A t-shirt is a shirt with a crew neck and short-sleeved design that forms a T-shape around the wearer. T-shirts are relatively, light, inexpensive, and stretchy pieces of clothing that are worn in casual attire. Still, many people may not know the process behind how t-shirts are manufactured. There is a lot that goes into designing these shirts and making them ready for sale.
- The t-shirt gets styled based on the design and dimensions. These are adjusted based on sizes and stylistic preferences.
- Sections of the fabric are cut to the pattern dimensions. This consists of a tube body, front and back sections, sleeves, and trim.
Assembly in the Front, Back, and Sleeves
- The front and back pieces join at the sides together where they’re sewn to form a simple seam. This step must be done carefully to avoid any tears.
- Then, the fabric sleeves are hemmed separately while they’re flat. A band attaches as a superimposed seam to form the hem.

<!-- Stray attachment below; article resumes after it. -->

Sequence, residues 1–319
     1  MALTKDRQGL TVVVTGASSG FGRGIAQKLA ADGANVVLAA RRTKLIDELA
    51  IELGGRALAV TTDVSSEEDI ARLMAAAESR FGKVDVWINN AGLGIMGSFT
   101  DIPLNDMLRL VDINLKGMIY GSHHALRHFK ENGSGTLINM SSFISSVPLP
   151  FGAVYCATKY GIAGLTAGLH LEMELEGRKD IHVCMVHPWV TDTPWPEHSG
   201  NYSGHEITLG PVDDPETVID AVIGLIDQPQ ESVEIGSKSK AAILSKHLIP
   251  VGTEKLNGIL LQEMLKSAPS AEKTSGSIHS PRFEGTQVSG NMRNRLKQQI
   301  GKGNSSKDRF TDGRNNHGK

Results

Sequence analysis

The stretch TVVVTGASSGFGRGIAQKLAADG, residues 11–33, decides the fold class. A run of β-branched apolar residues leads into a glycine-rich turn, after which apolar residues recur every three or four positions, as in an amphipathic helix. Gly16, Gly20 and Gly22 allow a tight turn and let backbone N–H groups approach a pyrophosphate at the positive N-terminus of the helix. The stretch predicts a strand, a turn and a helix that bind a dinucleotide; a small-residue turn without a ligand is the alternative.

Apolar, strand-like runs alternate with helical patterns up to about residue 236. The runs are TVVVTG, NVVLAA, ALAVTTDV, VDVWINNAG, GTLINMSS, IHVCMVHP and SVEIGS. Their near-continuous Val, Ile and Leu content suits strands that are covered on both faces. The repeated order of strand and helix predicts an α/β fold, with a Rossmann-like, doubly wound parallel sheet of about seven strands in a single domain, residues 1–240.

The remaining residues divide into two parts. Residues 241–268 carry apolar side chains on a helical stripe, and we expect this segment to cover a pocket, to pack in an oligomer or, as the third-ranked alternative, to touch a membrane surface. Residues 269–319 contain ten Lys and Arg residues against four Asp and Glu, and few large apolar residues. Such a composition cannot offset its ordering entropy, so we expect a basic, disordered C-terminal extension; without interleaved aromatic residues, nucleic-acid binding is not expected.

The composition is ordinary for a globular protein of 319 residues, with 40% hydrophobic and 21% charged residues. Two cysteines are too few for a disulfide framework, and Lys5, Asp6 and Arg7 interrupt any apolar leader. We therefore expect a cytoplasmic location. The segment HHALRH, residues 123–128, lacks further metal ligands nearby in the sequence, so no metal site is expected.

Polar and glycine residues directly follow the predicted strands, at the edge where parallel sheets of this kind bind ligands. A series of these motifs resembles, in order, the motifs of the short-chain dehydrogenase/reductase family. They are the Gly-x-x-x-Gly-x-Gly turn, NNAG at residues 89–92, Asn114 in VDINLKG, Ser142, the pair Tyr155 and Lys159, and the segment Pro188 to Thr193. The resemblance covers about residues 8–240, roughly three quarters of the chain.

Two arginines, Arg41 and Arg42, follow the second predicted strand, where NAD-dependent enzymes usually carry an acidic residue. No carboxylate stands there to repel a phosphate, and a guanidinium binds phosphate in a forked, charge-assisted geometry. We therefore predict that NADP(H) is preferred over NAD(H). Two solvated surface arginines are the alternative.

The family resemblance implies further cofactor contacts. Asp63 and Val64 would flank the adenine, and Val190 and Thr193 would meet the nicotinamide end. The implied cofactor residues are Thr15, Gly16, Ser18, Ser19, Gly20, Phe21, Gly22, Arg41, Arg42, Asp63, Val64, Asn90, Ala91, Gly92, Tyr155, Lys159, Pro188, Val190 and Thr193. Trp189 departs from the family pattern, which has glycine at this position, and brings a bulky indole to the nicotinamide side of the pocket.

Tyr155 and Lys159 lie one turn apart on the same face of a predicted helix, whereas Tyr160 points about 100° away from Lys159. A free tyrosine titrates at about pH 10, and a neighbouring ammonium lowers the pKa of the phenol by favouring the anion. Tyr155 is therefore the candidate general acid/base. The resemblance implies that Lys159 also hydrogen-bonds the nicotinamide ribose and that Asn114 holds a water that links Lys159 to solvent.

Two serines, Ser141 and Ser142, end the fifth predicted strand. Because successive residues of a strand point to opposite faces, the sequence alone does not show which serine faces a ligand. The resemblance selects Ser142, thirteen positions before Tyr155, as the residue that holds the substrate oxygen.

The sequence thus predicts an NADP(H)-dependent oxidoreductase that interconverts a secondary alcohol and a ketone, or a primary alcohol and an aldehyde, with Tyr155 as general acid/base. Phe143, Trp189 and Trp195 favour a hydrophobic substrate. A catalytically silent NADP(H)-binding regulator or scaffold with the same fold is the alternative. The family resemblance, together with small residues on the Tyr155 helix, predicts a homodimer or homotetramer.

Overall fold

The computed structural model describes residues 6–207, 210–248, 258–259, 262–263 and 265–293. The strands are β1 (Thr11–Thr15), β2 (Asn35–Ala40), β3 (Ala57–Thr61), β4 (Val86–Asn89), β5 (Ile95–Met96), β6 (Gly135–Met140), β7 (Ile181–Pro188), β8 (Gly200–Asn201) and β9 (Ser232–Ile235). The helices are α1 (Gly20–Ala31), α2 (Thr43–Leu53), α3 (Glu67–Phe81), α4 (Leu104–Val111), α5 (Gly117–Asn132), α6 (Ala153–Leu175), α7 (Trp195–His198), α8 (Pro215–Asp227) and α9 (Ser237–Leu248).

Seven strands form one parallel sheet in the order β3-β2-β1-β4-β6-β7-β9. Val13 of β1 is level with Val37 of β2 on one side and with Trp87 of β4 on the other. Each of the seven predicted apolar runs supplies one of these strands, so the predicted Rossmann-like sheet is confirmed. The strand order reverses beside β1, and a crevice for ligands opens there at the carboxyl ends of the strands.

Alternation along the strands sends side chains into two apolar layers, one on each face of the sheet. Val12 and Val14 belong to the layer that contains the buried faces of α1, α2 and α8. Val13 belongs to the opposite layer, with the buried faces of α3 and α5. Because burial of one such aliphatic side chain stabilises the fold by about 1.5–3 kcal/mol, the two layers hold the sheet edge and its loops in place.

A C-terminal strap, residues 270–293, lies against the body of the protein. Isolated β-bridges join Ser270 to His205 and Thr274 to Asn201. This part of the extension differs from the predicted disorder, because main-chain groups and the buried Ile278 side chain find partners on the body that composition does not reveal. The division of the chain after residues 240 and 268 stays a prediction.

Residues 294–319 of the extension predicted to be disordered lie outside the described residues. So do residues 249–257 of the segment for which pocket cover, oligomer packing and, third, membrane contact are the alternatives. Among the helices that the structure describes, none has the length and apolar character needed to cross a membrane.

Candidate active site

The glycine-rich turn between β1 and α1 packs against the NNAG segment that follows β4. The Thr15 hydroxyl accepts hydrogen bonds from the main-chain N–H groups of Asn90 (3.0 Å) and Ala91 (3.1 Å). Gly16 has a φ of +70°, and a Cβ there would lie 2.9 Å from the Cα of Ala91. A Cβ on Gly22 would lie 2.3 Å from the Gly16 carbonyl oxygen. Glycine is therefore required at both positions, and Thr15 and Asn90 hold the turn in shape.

Stitching the Hem and Shoulder Seams
- An overedge stitch sews the garment hem to the garment, forming a flexible hem. The tension is loose enough to allow light stretching that does not tear the fabric.
- Shoulder seams require a superimposed stitch completed before or after attaching the neckband.
Attaching the Neckband and Finishing the Neckline
- Crew neck shirts require a slightly shorter neck edge than the outer edge to prevent bulging. Fabric feeds through textile handling machines that fold and apply tension to it. Cheaper shirts have neckbands attached separately to the front and back necklines, which make the seams visible. V-neck shirts require that the neckband laps over each other. Operators must overlap the band or attach the band at the neckline and sew it tucked in to form a “v” shape.
Completing the Shirt
- Workers inspect the t-shirts for flaws.
- More expensive or high-quality shirts press in a steam tunnel before packaging.
- The shirts are either bagged or boarded around cardboard to maintain their shape. Then, they go into boxes for shipping.